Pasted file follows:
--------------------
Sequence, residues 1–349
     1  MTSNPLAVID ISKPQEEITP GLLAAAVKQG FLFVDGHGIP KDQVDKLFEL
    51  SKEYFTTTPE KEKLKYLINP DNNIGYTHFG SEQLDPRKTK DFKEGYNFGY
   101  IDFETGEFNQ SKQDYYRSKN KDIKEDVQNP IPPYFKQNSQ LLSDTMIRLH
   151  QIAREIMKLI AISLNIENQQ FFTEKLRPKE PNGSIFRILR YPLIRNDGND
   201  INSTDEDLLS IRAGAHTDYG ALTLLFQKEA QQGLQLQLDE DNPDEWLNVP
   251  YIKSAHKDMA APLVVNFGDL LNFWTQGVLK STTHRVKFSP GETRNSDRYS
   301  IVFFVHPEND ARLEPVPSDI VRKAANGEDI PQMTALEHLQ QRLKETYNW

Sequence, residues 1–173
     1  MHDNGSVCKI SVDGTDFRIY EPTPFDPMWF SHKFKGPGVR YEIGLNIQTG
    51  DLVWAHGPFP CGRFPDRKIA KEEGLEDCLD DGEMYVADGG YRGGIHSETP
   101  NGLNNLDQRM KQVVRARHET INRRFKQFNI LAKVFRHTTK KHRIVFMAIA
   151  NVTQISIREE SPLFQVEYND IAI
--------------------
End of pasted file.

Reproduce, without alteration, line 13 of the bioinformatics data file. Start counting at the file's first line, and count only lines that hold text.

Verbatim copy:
   151  NVTQISIREE SPLFQVEYND IAI